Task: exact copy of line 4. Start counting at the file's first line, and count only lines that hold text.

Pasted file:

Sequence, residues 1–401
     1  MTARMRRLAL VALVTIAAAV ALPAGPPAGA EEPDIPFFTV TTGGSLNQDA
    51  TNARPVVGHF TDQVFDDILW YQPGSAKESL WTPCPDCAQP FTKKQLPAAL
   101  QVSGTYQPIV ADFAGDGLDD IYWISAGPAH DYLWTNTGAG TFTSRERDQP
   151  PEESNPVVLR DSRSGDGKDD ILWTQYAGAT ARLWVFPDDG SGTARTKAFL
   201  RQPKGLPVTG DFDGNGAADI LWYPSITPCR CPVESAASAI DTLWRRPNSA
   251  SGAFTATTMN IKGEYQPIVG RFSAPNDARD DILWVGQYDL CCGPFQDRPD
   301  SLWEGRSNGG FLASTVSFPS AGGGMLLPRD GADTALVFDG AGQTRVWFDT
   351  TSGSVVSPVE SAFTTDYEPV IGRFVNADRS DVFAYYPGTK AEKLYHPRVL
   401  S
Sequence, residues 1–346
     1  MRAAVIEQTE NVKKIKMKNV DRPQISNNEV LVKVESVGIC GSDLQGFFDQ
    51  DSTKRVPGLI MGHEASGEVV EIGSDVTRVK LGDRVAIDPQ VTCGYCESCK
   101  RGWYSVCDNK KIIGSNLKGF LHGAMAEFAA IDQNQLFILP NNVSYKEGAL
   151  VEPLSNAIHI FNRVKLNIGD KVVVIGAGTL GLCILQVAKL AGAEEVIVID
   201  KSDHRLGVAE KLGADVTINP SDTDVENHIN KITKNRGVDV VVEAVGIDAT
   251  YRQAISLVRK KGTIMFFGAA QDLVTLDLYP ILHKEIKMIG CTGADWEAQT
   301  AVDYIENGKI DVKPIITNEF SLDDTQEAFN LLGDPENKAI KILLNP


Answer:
   101  QVSGTYQPIV ADFAGDGLDD IYWISAGPAH DYLWTNTGAG TFTSRERDQP